Turkey is waging a two-front war. Some worry it’s only making things worse

The New York Times reports: The Turkish deal with the United States sets up an “ISIS-free” bombardment zone along a 60-mile strip of the border region [of Syria] that features another exclusion: At Turkey’s request, it is also explicitly a zone free of the Kurdish militia, even though the Kurds had begun advancing toward the area to start battling the Islamic State there.

Despite cooperating with American forces for months, the Syrian Kurds are now starting to worry that their success might not outweigh Turkey’s importance to the United States.

“There is only one group that has consistently and effectively battled ISIS in Syria, and that is the Y.P.G.,” said Redur Khalil, a spokesman for the militia who says it has grown to include 35,000 soldiers, about 11 years after its start as a self-defense force in a single town. “Opening another front in the region — as Turkey has by attacking the P.K.K. — will make the forces fighting ISIS weaker,” Mr. Khalil said. “Which in turn makes ISIS stronger.”

Cale Salih, a visiting fellow at the European Council on Foreign Relations and the author of numerous articles on Kurdish affairs, summed up the unease over the deal with Turkey this way: “If it comes at the price of the relationship with one of the few effective partners on the ground in Syria, it doesn’t seem to make sense.” [Continue reading…]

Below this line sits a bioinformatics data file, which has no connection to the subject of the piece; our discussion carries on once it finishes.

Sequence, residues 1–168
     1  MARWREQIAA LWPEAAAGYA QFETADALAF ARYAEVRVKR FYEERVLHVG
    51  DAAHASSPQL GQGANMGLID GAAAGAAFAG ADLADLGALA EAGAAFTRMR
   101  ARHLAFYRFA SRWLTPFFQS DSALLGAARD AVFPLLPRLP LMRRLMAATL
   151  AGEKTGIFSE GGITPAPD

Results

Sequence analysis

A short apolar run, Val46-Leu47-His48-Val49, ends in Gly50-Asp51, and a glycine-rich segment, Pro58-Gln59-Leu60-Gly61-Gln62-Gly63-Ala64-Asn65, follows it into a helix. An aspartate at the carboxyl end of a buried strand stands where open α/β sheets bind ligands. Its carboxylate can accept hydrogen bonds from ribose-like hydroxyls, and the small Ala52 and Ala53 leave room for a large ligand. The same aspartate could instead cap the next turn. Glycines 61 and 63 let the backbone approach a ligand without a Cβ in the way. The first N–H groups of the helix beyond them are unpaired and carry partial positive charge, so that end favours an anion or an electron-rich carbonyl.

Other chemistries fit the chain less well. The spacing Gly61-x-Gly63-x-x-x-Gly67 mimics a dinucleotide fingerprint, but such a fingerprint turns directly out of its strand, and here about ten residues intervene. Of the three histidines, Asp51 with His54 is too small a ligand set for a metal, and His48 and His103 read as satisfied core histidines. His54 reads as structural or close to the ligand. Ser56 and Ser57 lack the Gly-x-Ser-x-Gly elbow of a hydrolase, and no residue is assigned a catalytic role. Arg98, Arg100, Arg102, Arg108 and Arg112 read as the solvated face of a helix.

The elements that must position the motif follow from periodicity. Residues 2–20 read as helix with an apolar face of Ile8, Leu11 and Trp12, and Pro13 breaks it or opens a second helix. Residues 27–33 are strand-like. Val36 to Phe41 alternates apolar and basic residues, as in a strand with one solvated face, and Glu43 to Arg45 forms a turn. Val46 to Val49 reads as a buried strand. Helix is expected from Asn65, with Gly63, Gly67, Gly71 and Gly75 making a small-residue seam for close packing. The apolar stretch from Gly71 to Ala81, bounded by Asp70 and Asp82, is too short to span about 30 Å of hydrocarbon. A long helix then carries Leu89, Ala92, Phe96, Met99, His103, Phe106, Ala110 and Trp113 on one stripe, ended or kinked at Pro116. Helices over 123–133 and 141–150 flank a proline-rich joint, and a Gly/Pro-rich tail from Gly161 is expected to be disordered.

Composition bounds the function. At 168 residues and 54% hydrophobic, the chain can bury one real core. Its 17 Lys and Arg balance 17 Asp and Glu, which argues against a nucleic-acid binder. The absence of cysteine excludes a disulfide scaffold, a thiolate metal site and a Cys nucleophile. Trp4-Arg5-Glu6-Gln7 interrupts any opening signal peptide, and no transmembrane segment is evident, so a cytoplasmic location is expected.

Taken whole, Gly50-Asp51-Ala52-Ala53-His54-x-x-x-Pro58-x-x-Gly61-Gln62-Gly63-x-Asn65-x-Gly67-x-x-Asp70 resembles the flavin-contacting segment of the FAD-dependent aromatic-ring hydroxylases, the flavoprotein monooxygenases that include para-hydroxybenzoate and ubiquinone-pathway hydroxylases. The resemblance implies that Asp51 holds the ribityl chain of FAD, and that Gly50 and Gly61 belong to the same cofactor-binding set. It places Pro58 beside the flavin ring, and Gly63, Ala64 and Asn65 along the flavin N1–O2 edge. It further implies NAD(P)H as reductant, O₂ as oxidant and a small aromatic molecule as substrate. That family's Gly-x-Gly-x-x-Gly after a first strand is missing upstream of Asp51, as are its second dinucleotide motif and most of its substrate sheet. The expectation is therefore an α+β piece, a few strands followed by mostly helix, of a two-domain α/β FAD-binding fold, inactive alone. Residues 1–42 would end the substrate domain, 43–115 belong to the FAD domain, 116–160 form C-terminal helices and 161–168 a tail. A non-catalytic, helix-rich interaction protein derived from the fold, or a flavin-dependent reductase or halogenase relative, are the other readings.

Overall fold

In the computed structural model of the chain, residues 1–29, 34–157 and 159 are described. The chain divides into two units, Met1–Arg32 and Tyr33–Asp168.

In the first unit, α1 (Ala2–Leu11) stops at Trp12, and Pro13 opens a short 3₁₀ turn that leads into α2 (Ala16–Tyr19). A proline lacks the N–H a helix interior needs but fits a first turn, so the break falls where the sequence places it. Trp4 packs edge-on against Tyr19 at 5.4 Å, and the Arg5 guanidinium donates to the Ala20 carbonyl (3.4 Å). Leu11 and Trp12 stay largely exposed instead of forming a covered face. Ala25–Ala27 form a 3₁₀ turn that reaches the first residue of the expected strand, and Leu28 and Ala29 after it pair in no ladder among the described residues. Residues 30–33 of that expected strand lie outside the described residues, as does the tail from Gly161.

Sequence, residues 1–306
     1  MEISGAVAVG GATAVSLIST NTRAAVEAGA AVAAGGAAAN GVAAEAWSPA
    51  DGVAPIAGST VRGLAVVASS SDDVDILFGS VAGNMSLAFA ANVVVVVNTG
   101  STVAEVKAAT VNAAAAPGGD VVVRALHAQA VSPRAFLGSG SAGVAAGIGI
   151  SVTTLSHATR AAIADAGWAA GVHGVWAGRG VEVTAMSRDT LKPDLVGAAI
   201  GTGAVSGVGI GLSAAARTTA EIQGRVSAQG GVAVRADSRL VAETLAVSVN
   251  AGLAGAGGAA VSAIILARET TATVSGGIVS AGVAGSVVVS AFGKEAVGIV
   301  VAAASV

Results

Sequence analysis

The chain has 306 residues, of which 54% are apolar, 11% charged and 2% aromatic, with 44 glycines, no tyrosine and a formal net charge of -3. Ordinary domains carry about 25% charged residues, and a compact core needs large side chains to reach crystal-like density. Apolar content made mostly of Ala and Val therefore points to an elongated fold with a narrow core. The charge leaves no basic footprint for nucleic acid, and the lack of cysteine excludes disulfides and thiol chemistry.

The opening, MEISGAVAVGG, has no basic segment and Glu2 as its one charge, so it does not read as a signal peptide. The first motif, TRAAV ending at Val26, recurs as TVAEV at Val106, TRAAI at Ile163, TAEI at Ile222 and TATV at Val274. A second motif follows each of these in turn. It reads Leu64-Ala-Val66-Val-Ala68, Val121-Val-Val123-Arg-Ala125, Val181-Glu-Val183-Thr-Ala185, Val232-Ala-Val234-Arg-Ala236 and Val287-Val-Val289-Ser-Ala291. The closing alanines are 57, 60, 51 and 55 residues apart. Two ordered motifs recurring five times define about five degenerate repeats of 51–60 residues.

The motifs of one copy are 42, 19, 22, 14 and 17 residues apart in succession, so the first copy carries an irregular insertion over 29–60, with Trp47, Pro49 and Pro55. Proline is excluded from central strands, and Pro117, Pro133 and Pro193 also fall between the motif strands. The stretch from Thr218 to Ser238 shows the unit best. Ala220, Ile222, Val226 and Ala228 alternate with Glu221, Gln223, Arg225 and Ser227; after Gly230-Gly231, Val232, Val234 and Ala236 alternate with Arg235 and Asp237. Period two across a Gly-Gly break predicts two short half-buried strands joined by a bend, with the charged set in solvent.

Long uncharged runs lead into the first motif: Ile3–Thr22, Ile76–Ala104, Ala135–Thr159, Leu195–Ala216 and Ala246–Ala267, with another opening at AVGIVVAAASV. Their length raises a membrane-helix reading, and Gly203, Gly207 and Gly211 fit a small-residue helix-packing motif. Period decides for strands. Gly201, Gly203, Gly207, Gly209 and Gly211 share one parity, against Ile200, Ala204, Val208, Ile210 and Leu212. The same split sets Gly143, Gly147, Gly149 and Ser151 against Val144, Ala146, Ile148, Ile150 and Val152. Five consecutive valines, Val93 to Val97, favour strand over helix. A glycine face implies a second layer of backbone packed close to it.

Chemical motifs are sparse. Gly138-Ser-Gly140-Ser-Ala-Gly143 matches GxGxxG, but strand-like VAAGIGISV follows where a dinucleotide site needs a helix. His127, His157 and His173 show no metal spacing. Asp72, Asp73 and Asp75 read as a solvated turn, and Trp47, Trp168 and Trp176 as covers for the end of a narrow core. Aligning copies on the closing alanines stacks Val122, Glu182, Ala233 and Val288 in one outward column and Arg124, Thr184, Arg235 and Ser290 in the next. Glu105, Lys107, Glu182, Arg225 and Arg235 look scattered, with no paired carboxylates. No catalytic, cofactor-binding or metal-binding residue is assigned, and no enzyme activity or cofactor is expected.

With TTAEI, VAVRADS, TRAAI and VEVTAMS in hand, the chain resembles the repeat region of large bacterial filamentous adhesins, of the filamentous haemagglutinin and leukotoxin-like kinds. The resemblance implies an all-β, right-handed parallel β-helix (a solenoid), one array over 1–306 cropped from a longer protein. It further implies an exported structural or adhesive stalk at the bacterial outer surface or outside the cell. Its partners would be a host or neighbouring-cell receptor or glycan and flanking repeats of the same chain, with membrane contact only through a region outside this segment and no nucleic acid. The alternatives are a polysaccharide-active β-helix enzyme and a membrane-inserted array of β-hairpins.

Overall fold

The Washington Post reports: Turkey’s decision to move against the Kurds is likely to do more to destabilize the region, some analysts say.

The police dragnet has fostered resentment against authorities in places such as Suruc, where Kurdish families have relatives living on both sides of the border. The United States has looked the other way as Turkey has hit the PKK in Iraq. The U.S. silence on the Turkish operations may hurt its burgeoning alliance with the YPG, whose fighters have proved to be the most effective ground force battling the Islamic State.

“It’s not smart for Turkey to do this,” Aaron Stein, a nonresident fellow at the Atlantic Council’s Rafik Hariri Center for the Middle East, said of Turkey’s twin military campaigns.

“Opening a two-front air war against insurgents you can’t defeat by air power alone is not smart strategically,” he said. Indeed, the U.S. military says it has launched more than 5,600 strikes on the Islamic State since last August, but the raids have not dislodged the group from its major strongholds. [Continue reading…]

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